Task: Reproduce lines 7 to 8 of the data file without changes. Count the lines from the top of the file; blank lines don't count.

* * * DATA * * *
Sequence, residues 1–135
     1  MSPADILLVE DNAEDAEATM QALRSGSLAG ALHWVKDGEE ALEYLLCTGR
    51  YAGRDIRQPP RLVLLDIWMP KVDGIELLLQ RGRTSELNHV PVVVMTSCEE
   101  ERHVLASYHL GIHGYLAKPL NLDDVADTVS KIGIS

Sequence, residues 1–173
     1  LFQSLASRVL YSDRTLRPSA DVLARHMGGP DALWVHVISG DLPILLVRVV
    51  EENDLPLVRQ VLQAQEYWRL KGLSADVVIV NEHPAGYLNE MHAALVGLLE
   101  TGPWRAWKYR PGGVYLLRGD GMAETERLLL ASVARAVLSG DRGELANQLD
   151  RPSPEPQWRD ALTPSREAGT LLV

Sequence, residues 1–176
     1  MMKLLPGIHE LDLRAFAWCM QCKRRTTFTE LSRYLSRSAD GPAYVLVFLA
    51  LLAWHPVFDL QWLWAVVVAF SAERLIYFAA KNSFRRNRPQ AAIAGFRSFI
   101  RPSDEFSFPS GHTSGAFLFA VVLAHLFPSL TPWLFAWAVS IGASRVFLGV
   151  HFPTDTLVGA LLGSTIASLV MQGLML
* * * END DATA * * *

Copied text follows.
    51  EENDLPLVRQ VLQAQEYWRL KGLSADVVIV NEHPAGYLNE MHAALVGLLE
   101  TGPWRAWKYR PGGVYLLRGD GMAETERLLL ASVARAVLSG DRGELANQLD